Writer In Residence, April 2011
It’s a pleasure to announce that our Writer In Residence for April 2011 will be Jeff Vande Zande. My introduction to Jeff’s fiction came, I think, when his story “Inside Job” showed up in our submissions queue. But his name was already familiar to me, so maybe I’d read his stories before or maybe it was familiar the way all names seem familiar when you’ve been online a few years. And “Inside Job” certainly became familiar to lots of other folks online, too, because it went on to be named both a notable story by the Million Writers Award, and one of Wigleaf’s Top 50 (and we went on to publish — so far — two more stories by Jeff, “The Major Players” and “Marriage With Time Lapse”).
For me, “Inside Job” is the quintessential Vande Zande story in its understated rawness. As Short Story Reader describes it, “This is a story about stripping everything down, making everything new again. A kid returns from rehab, goes to work. We watch. And then, things switch around at the end in a way you don’t see coming.” Ordinary objects take on a weight that seems beyond them, but his metaphors are never strained, and they never seem forced. Even when I feel like I know where one of his stories is going, I’m always wrong in some way and yet where the story is really going ends up feeling inevitable, natural, and perfect in a way that leaves me wondering how I imagined anything else might have happened. Take his first novel Into The Desperate Country: all along, protagonist Stan drove me crazy with frustration, because I knew what he would do wrong, how he would screw up the few good things coming into his life, and yet — and yet! — somehow, in the end, those ordinary, organic, everyday events, all Stan’s decisions both good and bad, added up to an ending that felt effortless in its construction but belied a masterfully light touch. I’m not going to tell you more about that ending, because it’s one of my favorite moments in fiction and it’s one you’ll have to earn by reading the story that brings you to it. After all, as Jeff’s stories and novels always remind me, and as his characters are so often reminded themselves, just knowing something doesn’t mean you know anything.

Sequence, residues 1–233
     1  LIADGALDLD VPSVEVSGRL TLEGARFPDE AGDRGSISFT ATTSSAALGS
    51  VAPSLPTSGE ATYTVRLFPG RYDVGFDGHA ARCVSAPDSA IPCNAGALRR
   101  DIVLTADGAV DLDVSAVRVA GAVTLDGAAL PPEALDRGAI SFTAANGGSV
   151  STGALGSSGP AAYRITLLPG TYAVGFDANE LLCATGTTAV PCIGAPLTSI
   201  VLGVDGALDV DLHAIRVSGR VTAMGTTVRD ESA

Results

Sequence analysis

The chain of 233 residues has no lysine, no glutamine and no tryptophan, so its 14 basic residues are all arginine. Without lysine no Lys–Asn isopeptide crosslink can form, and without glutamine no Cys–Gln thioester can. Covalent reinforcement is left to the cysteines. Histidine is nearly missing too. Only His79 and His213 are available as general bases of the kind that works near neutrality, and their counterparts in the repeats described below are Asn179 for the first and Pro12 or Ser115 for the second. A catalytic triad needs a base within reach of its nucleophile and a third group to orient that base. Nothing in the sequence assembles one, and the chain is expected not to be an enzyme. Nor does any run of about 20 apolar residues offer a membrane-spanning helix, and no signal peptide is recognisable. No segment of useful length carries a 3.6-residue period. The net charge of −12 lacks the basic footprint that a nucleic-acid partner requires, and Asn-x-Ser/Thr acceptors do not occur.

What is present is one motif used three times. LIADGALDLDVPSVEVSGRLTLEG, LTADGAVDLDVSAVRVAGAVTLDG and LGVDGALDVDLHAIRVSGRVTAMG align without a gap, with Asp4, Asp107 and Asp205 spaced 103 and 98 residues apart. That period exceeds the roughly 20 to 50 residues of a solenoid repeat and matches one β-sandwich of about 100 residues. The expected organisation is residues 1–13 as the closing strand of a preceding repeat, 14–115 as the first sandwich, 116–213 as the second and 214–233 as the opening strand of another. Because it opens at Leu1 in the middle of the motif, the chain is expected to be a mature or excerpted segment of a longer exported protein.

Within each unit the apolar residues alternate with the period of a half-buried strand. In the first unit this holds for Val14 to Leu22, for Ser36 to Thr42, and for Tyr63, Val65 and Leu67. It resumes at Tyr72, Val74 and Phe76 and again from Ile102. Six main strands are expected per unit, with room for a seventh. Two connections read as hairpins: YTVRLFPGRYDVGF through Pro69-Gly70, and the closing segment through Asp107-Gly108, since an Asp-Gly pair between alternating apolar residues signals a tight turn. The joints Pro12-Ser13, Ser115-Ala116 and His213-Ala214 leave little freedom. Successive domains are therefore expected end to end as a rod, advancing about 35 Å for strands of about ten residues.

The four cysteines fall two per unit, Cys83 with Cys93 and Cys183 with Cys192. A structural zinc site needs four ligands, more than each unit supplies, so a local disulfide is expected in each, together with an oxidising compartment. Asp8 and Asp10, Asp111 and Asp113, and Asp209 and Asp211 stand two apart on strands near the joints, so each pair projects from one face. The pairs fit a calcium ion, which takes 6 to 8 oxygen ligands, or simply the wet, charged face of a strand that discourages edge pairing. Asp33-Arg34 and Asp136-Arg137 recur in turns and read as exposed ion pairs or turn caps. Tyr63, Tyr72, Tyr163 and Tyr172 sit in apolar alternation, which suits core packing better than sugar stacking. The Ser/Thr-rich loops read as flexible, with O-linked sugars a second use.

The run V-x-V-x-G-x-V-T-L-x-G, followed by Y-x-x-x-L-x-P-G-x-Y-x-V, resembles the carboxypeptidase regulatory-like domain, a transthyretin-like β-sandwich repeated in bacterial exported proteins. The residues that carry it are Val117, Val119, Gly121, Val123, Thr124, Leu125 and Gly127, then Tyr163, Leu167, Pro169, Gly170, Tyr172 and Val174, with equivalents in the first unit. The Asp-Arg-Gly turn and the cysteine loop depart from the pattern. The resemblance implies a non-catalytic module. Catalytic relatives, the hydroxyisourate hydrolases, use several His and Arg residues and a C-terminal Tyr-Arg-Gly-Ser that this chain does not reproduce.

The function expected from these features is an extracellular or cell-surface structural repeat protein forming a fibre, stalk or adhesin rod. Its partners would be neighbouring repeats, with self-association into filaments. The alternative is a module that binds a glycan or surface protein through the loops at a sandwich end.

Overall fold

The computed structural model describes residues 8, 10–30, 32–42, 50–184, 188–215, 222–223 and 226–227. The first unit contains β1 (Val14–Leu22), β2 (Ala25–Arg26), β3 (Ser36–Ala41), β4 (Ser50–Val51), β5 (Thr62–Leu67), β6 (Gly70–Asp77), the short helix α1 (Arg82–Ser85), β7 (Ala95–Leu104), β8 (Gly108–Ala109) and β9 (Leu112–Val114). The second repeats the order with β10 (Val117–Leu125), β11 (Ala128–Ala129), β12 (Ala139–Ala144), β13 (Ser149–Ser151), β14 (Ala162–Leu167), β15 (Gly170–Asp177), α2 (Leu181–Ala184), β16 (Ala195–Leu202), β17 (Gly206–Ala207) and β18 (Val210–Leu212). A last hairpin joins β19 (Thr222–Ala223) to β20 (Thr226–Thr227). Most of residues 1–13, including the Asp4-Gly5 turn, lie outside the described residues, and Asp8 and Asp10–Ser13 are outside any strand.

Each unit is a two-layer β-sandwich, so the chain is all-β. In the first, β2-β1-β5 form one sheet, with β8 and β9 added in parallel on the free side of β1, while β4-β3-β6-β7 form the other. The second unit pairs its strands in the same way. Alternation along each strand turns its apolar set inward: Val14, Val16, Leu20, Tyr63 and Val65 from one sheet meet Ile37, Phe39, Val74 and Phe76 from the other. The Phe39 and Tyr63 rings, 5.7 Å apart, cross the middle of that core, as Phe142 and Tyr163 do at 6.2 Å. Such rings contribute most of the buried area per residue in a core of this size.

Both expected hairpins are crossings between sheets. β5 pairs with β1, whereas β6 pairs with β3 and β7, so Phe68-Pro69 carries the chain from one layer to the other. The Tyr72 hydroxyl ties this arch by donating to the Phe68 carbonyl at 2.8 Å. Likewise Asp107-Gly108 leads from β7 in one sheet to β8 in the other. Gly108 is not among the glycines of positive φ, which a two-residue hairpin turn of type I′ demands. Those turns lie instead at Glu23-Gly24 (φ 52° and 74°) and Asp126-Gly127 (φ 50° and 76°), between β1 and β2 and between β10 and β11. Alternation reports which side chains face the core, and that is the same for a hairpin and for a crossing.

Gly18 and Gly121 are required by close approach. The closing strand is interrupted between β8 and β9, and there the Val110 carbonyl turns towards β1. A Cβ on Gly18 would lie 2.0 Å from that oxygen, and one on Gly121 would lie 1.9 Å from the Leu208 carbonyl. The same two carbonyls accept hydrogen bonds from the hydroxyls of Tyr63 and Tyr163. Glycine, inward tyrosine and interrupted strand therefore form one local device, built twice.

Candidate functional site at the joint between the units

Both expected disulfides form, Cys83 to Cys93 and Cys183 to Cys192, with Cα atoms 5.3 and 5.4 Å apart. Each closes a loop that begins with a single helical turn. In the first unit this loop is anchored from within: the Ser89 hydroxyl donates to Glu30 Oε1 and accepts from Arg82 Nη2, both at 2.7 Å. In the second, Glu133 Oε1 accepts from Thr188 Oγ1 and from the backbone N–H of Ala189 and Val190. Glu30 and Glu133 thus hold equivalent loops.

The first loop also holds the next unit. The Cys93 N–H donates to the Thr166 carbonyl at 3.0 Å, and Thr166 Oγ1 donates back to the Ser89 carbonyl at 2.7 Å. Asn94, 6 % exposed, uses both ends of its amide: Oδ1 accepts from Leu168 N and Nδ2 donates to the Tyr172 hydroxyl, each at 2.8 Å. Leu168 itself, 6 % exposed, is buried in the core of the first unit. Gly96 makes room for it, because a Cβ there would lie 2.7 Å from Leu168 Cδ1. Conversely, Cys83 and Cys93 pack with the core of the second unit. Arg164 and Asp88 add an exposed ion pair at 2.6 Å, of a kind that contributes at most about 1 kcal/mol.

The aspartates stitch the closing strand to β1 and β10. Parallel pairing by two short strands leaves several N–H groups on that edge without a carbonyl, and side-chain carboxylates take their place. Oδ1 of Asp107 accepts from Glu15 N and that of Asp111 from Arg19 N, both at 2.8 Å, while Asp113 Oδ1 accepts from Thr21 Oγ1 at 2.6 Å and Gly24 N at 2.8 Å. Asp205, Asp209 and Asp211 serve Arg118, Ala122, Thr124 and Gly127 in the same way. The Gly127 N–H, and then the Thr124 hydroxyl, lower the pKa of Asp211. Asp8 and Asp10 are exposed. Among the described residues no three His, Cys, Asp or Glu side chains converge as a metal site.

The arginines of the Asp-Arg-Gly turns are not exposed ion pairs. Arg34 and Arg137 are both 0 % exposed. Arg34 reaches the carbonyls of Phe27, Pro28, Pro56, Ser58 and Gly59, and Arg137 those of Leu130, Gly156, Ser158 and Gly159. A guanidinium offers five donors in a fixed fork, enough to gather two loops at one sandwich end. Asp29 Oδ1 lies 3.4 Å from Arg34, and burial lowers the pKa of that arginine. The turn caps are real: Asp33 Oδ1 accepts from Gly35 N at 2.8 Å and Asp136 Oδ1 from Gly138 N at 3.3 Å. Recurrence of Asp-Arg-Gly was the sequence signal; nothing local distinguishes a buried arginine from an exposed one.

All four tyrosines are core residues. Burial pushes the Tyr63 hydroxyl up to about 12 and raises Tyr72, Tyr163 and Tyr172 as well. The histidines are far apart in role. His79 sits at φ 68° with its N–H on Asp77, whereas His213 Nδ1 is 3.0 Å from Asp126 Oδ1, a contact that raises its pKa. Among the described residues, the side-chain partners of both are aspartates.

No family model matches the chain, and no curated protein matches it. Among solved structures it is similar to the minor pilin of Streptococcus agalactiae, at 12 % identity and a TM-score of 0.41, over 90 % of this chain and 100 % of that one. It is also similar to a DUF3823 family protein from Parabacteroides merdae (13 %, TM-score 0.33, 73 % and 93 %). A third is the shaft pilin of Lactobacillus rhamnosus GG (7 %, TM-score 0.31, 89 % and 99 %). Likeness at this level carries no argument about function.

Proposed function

Maybe that’s why his work feels “familiar” — not because I’ve read it before, not because it reads like anyone’s writing but his own, but because it’s so close to life. His fiction is realism in what, to me, is the best sense of that word: an accurate but artful representation of what we’re already looking at, the familiar things we take for granted and the unimportant things we too often dismiss, that shows us more than we could see on our own. And I know he’s going to give us all that and more in The Slow Moon Climbs, a brand new novella he’ll share with us throughout the next month.